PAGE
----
Towards an Open Datacenter with an Interoperable Network Part I – Why Standardize ?
Standards have played a pivotal role throughout history. Just ask my 9th grade daughter. This story is going to sound like a digression, but bear with me…like most stories, there’s an important morale at the end that will save money for your IT organization.
This past week, my daughter learned that the economic unification of China between 247 – 221 BC was due, in part, to the standardization of weights and measures, including the length of ox cart axles (which facilitated transport of goods on the road systems ). The history of technology contains many examples like this one, showing how standards are beneficial. They promote buying confidence by helping to future-proof purchases (no need to worry that your new ox cart won’t fit on the roads). They encourage competition and commoditization, which lowers capital expense (if all the ox carts are the same size, then I can buy the lowest priced cart that fits my needs). And they promote innovation, interoperability and avoid confusion in the marketplace (does it matter if my ox cart is red or blue, as long as it fits on the road? Probably not. But if I can build a cart with the same axel width that can hold twice as much produce, then I’ve created meaningful innovation and differentiated myself from the other ox carts).
In the same way, a standardized approach to more modern commodities, like data center switches, makes sense too. Much has been written about how we can standardize on parts of the solution that have long development times, like silicon ASICs, and differentiate through those aspects which have faster turnaround, like software.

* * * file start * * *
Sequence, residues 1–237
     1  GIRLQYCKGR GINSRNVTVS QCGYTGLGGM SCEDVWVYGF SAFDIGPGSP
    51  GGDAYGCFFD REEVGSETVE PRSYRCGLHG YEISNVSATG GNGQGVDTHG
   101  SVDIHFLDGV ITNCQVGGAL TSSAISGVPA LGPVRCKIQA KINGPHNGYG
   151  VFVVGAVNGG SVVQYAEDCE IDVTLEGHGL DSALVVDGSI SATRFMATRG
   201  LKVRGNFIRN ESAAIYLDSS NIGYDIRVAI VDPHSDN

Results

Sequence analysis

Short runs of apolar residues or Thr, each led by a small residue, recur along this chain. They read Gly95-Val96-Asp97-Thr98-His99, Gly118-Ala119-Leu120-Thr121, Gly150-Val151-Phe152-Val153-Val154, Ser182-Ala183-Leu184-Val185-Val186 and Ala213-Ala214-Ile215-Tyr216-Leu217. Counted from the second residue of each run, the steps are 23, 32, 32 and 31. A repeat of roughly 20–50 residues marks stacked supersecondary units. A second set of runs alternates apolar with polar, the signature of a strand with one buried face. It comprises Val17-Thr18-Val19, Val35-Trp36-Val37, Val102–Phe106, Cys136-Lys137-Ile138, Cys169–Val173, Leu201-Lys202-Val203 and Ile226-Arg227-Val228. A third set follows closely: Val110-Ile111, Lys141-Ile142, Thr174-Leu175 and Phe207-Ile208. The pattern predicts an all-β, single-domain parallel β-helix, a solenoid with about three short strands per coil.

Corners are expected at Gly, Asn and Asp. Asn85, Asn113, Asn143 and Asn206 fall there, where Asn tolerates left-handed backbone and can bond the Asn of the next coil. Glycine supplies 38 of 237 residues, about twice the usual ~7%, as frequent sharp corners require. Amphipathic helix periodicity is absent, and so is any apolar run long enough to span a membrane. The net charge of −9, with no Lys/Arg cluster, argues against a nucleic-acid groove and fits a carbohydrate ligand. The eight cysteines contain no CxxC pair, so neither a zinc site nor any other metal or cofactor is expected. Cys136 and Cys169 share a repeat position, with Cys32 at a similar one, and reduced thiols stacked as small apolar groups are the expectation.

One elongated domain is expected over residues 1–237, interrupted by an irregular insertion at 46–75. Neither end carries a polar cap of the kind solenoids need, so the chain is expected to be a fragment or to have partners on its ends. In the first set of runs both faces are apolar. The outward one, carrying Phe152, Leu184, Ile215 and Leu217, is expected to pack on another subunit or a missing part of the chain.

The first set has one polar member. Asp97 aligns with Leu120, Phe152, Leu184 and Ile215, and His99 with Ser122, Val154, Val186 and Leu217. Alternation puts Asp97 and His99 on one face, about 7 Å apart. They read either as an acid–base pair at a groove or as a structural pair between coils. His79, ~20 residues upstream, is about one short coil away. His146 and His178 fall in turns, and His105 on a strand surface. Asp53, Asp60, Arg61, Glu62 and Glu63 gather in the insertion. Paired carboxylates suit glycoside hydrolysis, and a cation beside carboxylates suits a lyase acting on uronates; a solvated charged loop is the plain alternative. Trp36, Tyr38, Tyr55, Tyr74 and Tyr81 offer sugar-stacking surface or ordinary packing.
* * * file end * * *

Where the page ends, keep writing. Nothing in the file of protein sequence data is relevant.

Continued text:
But what about the benefits of buying all your ox carts from the same place? Doesn’t this mean you can get lower prices from buying in bulk and having a good relationship with a single ox cart provider? Won’t you have to train your mechanics to only fix one kind of ox cart, using a common set of tools, and thus save training expenses? Surprisingly, the answer is no to all of these questions, according to a study conducted by Gartner Group for major networking equipment vendors at a large number of customer deployments. For example, this study found that working with a single vendor actually costs a premium of up to 20% over multi-sourced environments, since that vendor isn’t constrained by competitive pricing. Since the tools to fix different types of ox carts (and network switches) are mostly common regardless of brand, there isn’t a need to increase staff or training.
In fact, according to this study, CIOs who don’t re-evaluate their single vendor networking choices aren’t living up to their fiduciary responsibilities. So check out this report for more details, and next time I’ll tell you how to distinguish between true industry standard networking implementations, and those who just want to take you for a ride in their ox cart.
Questions about how networking standards can save you money? Ask me through either my blog or Twitter feed.